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More on Moore County

A statement from the North Carolina Writers’ Network

We at the Network are happy and relieved to share The Pilot’s report that power has been restored to all Moore County residents. County officials have lifted the state of emergency and allowed the nighttime curfew to expire.

Life in Moore County can get back to normal, for some.

For some, life may never get back to “normal,” and “normal” may not have been all that great before the power went out.

For all the work and words and progress of this century, LGBTQ+ North Carolinians remain vulnerable and, too often, isolated. That someone attacked two electrical substations, cutting power to an entire county, during a Sandhills Pride-sponsored drag show demonstrates that vulnerability.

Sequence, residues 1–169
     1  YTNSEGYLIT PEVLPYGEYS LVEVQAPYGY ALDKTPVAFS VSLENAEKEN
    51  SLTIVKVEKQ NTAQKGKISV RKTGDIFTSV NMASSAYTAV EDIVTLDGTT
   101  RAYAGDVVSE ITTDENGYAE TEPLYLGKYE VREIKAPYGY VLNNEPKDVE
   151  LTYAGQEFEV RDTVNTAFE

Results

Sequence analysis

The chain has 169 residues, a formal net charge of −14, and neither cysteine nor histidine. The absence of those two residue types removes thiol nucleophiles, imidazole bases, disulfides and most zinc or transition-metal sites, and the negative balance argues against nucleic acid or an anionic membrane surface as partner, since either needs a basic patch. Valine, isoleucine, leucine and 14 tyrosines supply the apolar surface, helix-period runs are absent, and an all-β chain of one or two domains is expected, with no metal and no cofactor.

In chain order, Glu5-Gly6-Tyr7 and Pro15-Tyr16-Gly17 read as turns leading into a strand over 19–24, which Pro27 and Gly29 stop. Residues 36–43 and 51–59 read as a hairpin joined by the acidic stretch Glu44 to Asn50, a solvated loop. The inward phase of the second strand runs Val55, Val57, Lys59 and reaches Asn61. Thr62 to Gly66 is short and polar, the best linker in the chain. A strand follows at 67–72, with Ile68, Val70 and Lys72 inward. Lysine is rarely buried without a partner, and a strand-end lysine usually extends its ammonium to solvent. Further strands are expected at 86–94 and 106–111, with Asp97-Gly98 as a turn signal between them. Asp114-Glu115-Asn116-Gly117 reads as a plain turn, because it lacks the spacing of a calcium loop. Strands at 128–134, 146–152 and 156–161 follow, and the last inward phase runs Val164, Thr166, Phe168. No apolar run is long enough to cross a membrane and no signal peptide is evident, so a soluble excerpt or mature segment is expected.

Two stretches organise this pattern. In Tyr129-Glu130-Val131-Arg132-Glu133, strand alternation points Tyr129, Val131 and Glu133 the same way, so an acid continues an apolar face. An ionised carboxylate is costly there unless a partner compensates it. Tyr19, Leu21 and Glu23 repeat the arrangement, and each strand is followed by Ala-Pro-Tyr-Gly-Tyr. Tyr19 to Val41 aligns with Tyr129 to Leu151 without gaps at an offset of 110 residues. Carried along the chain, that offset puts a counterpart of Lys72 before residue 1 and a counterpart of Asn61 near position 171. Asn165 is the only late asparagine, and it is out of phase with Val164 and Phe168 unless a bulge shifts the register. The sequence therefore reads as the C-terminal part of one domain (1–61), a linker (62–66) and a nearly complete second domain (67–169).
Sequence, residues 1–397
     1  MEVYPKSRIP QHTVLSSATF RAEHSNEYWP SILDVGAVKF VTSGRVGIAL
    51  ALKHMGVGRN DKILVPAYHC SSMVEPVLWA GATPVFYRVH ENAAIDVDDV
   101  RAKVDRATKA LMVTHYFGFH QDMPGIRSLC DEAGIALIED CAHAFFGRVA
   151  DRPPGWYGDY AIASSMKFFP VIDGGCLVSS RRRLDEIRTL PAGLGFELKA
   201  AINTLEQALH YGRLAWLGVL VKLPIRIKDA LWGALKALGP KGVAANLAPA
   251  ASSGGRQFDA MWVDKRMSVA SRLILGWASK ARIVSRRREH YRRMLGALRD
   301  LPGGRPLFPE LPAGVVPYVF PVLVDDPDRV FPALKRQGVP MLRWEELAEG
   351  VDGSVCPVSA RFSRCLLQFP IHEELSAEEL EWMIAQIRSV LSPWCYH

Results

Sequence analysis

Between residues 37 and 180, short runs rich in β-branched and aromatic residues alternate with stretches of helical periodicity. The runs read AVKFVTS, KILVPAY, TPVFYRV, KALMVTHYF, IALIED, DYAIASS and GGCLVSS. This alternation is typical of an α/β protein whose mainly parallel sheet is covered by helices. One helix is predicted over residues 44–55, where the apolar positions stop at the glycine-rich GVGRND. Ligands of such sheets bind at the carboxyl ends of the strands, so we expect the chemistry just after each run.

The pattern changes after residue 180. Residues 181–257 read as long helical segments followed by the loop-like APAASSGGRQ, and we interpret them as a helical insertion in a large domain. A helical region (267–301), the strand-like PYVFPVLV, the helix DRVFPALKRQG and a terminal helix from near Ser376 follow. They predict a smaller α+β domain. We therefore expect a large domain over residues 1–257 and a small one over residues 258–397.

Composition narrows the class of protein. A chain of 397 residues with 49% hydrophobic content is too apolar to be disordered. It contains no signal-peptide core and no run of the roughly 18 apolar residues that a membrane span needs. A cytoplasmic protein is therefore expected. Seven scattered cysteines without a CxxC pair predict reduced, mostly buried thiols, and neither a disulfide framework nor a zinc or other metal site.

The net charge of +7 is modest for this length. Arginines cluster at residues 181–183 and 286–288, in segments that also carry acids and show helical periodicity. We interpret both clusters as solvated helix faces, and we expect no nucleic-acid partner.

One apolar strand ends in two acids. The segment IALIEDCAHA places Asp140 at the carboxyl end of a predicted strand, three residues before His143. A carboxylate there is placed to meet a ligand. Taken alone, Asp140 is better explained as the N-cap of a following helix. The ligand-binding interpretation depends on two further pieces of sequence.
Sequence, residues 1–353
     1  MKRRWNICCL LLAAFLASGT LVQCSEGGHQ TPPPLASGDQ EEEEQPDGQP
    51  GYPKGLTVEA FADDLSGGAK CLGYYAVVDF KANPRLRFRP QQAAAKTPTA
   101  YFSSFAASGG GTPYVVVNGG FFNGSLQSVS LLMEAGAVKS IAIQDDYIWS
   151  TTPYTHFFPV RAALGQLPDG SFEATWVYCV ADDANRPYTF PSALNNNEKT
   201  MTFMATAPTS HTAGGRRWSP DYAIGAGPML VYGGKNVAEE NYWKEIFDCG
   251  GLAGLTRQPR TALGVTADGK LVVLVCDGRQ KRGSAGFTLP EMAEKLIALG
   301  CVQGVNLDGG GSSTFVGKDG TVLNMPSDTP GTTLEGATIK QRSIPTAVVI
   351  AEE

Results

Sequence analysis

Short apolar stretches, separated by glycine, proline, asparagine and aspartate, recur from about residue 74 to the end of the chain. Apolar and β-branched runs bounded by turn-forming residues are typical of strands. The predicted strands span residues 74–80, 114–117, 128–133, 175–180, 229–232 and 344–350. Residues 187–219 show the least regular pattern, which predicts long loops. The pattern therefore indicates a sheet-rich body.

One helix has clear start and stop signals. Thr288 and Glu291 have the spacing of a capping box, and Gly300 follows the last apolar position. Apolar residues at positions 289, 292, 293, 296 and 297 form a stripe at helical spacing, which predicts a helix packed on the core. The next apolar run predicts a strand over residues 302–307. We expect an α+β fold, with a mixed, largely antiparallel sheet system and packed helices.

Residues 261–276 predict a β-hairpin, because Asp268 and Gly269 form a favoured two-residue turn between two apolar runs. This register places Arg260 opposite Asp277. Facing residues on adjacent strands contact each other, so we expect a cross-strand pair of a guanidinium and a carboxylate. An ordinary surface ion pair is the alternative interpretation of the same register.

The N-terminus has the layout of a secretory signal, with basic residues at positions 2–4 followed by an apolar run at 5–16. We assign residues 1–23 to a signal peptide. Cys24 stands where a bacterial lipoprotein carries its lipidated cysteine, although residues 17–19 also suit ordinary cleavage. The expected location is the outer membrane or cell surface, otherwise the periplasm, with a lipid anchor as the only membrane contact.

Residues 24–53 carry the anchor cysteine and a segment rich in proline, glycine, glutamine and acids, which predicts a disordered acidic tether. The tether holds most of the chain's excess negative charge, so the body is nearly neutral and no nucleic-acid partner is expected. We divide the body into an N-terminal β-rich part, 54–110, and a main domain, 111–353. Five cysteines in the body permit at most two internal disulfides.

In theory the timing of those attacks could turn out to be a remarkable, unfortunate, one-in-a-million coincidence. That hardly anyone believes it was only reveals how much wariness—if not fear—these LGBTQ+ neighbors of ours have to live with.

The staff and board of the North Carolina Writers’ Network stands with them, and works for a day and a state in which they can live with all the freedom and community the rest of us do (or can, or should).

After the events of this week we want to reaffirm that the Network is open to anyone with an interest in creative writing. LGBTQ+ writers have played defining roles in the Network from our founding to our current board and staff. They will continue to do so as long as the Network exists. We welcome all writers no matter their sexuality, gender, race, religion, or residence.

We hope we will know—not assume—more about the attacks soon. We hope for justice, the redress of harm and restitution of damage. We hope, this holiday season, for peace on Earth, goodwill toward all.

We work toward equity, inclusion, community—creative and affirming—and we are proud to stand with anyone else who does the same.